‘Why don’t the rules apply to travellers?’

The Greenacres site in Little Billington has caused controversy over the years.
The Greenacres site in Little Billington has caused controversy over the years.

Parish councils in LBO land have blasted Central Beds Council over its alleged weak handling of planning enforcement regarding travellers.

Central Beds CEO, Richard Carr, recently held a meeting with representatives of Billington, Stanbridge and Tilsworth Parish Councils at Billington Village Hall, along with members of the Environment Agency.

Don Brewin, of Billington Parish Council, said: “The meeting was the first stage in a formal complaint we are taking out against CBC.

“Part of the issue is to do with travellers – 60% of traveller sites in Central Bedfordshire are located within five miles of Stanbridge Church.

“The second issue is the inconsistency in the way planning issues are dealt with.”

Mr Brewin alleged that CBC took a “more favourable attitude” to travellers, while protests from the parish councils were apparently “ignored or fobbed off”.

He said: “The rules relating to the Green Belt seem to be applied more generously to travellers than the settled community.”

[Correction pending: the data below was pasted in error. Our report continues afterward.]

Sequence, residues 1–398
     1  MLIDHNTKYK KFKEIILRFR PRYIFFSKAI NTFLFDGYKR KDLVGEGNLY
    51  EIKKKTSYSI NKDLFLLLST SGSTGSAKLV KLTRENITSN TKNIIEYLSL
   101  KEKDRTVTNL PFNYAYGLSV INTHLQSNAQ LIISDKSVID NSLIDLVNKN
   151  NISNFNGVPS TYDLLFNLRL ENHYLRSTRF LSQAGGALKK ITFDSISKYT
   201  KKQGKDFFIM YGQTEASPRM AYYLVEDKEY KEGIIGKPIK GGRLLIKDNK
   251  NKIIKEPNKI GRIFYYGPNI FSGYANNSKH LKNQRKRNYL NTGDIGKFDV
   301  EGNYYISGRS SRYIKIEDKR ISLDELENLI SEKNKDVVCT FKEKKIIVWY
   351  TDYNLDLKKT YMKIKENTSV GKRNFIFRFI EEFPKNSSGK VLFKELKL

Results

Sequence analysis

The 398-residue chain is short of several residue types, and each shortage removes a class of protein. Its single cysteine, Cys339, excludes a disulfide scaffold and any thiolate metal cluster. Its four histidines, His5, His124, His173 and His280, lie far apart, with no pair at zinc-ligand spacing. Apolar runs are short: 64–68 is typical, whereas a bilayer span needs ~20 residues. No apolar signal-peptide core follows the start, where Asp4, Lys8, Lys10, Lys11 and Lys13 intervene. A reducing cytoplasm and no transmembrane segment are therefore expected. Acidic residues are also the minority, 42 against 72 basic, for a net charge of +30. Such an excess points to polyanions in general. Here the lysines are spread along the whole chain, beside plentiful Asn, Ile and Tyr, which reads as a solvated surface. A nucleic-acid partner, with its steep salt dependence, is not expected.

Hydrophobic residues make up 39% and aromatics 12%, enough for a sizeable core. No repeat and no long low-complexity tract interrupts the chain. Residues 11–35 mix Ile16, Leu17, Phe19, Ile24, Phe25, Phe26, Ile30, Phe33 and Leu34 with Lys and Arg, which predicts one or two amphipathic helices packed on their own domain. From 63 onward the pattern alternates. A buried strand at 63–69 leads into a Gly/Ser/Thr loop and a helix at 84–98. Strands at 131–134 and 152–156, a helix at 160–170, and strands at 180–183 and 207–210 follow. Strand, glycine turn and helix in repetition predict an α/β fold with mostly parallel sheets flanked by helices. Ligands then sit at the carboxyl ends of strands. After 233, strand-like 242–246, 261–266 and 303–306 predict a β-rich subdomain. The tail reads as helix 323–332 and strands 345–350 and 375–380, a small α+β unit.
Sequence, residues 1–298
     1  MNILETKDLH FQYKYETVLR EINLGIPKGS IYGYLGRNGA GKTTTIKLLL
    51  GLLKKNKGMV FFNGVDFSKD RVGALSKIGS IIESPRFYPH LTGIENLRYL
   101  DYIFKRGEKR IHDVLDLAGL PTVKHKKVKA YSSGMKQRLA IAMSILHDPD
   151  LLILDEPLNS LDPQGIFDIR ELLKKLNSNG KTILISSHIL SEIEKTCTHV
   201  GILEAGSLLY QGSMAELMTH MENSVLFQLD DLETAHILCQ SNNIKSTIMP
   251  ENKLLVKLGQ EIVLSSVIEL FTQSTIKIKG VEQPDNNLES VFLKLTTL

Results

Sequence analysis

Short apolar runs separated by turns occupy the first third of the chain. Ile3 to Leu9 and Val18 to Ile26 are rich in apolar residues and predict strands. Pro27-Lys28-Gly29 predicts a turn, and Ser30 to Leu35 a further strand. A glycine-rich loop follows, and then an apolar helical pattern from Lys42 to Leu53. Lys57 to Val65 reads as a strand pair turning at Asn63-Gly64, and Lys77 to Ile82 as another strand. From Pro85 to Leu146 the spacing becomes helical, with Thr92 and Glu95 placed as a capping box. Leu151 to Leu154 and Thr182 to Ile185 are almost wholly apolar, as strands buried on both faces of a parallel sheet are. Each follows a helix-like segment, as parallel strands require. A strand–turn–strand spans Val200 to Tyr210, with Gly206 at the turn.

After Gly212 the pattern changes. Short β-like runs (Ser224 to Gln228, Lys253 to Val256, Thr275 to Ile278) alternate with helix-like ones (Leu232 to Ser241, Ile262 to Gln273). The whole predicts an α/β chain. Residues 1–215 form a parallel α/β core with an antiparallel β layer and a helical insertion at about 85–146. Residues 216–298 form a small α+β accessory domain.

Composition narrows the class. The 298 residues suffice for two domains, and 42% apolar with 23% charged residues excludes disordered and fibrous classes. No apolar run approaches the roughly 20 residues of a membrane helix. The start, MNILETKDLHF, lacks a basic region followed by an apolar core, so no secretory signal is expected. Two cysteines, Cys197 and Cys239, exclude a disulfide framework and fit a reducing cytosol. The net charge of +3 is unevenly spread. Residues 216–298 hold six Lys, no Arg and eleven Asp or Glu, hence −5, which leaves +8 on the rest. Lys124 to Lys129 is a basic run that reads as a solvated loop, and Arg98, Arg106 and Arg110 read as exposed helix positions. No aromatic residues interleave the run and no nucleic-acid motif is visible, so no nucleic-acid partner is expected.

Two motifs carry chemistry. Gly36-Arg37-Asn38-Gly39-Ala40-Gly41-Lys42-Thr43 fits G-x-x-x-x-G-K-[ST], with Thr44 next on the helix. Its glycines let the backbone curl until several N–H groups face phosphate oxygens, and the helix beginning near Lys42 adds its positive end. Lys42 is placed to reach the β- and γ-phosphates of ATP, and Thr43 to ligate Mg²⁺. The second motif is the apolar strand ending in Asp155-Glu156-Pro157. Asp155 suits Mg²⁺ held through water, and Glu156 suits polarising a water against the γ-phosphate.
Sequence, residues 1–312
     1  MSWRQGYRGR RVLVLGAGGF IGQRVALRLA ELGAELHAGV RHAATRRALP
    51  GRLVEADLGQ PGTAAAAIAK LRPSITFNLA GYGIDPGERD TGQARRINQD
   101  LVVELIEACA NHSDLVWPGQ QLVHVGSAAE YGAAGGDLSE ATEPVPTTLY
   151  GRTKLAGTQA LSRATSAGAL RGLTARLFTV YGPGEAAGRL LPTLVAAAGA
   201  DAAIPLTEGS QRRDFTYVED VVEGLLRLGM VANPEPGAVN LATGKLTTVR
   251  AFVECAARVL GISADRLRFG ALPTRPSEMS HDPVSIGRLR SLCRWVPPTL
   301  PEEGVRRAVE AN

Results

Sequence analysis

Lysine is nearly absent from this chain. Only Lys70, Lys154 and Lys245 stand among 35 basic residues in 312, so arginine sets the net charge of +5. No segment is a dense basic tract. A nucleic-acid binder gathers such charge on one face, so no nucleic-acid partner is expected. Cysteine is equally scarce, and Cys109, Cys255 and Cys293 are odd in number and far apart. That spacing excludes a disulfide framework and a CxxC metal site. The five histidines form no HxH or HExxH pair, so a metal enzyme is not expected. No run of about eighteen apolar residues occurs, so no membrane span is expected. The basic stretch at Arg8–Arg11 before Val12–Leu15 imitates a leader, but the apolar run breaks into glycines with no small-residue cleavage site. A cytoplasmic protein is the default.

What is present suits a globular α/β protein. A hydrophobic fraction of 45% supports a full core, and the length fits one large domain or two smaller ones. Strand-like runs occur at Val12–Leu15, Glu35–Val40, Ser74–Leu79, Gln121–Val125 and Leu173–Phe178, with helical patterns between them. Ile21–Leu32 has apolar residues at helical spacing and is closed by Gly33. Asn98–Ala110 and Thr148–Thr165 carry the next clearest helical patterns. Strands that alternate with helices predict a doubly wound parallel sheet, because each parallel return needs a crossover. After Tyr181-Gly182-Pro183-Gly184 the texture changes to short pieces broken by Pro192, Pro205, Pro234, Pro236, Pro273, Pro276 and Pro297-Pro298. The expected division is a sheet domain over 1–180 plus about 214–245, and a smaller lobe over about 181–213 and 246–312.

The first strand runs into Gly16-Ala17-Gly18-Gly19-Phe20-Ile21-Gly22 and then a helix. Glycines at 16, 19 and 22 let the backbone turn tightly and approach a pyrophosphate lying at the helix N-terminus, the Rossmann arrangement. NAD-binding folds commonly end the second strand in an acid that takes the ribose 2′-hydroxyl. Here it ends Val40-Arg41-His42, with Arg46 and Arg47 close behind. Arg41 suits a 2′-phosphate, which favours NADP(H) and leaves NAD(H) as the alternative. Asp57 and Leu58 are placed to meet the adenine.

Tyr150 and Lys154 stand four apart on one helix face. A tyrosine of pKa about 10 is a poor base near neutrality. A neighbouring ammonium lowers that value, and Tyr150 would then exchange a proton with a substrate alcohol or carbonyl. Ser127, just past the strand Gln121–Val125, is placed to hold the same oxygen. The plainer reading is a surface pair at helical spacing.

Concerns raised include alleged encroachments on to residents’ property, retrospective planning applications, unauthorised entrances, fly-tipping, sewage discharge and a belief that the traveller population is dominating the villages.

Joseph Jones, spokesman of the Gypsy Council, has been involved with several planning applications along Stanbridge Road, between Leighton and Billington. He dismissed the claims as “absolute rubbish”.

He said: “How can anyone say the council are giving gypsies and travellers an easy ride? In my opinion, the council and the planning committee go through every aspect of our planning applications with a fine toothcomb.

“Most people would say that is a good thing, but it generates an awful lot of additional paperwork. We do that paperwork. If a planning application fails, we appeal if we think the reasons for refusal are incorrect.

“If local authorities refuse planning applications without good reason, they have to pay the costs of that appeal when they lose. So simply refusing planning applications for the sake of it is not an option for the council.”

Talking about the complaints, Mr Jones added: “It’s because they don’t like gypsies or travellers, and that’s not a valid reason in planning to object any more than if they wanted to object about Asian or Jewish applicants.”

Andrew Davie, CBC’s development infrastructure manager, said: “The decisions to approve Gypsy and Traveller sites have been subject to the same due democratic process as with all planning matters.

“We deal with each case in fair and transparent way and have listened to the issues that residents have raised.

“Where the powers allow, across various services, the council will take the appropriate steps to deal with complaints, including the recent reports about fly-tipping.”

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